Sunday, June 20, 2010

Honeysuckle From Heaven

In the nine years that Gillian’s been gone, I’ve been blessed with many signs from her. In the beginning, especially, they were frequent and dramatic. I’m surprised I haven’t written more about them here. I didn’t take them for granted, exactly, but it’s only now that I fully realize the magnitude of the gifts I’ve been given. Jill, in spirit every bit as loving and creative as she was on this earth, has shown me miracles.

Most of the signs have involved animals or plants. In one of Dr. Michael Newton’s books (the second one, I think—Destiny of Souls) I read how some souls are taught how to create plant matter. It’s possible the book also contains information about souls’ communication through animals, but I may never get to that part. His books meant so much to me that so far I've left them unfinished.

One day in June, less than a month after Jill died, I was washing dishes at the kitchen window overlooking the backyard. Years earlier, I had ambitious plans for part of that yard. I’d planted a white rose, Sir Thomas Lipton, that was supposed to be the start of a garden. I got distracted with other things before designing the rest of it, and the garden never materialized. In fact, after my failed attempts to clear the area, most of it reverted to a wild tangle of blackberries and grape vines. Sir Thomas bloomed for a number of years before harsh winters took their toll. Eventually the rose bush died.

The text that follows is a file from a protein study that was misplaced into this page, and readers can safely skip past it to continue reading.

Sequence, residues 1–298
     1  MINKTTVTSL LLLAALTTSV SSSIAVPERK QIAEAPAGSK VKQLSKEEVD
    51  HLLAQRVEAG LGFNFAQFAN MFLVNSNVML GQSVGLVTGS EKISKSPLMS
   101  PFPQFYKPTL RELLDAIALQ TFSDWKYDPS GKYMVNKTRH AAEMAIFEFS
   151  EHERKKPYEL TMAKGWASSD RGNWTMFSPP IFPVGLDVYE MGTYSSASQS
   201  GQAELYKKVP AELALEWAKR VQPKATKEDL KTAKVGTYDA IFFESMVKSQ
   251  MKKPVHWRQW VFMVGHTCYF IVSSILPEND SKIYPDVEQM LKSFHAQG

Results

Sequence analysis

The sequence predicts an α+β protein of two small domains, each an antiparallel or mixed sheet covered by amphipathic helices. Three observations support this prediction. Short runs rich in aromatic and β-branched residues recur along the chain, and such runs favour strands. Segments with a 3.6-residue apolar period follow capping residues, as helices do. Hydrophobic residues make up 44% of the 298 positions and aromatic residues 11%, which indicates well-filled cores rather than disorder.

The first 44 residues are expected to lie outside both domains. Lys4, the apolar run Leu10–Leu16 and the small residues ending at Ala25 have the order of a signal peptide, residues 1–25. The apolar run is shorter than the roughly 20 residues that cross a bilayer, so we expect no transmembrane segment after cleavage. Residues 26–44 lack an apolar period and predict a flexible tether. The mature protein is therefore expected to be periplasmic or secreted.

That June day I looked up from the dishes in the sink and saw a cloud of white at the far left side of the yard. Could it be the rose? Impossible! I dried my hands and walked slowly to the back door, afraid that if I went outside I’d find the rose bush as dead and bare as ever. But the white flowers were still there when I stepped out into the sun, and they were still there when I picked my way through the weeds to get closer.

The rose bush was covered in blooms, brilliant and fragrant. But another scent was even stronger. Blanketing the rose was honeysuckle. Thick, dense honeysuckle vines where none had grown before. Not ever, in the 25 years I’d lived here.

You have to understand that from the time we moved here, I knew the name of every plant that grew on this property, domestic or wild. Never had I seen honeysuckle. It’s not something I would have forgotten, either. Honeysuckle had special meaning for me.

My mother, raised in what was then rural New Jersey, longed for a garden. Floral abundance didn’t exist in New York City, where I grew up. We spoke of “a house in the country” the way people today talk about winning the lottery. It was our ultimate dream.

It’s hard to imagine nature walks along 32nd Avenue in Queens, but that’s how I think of the walks I took with my mom when I was little. In the shade under a railroad trestle, she found a wildflower—the tiniest thing, surely overlooked by everyone except a woman who was pulled as if by magnet to anything green and growing. She opened my eyes to the detail in ivy climbing on brick buildings. She revealed the heavy, sweet scent of the seemingly insignificant flowers that were part of the hedge around our apartment house. But the plant I associate most closely with my mother is honeysuckle.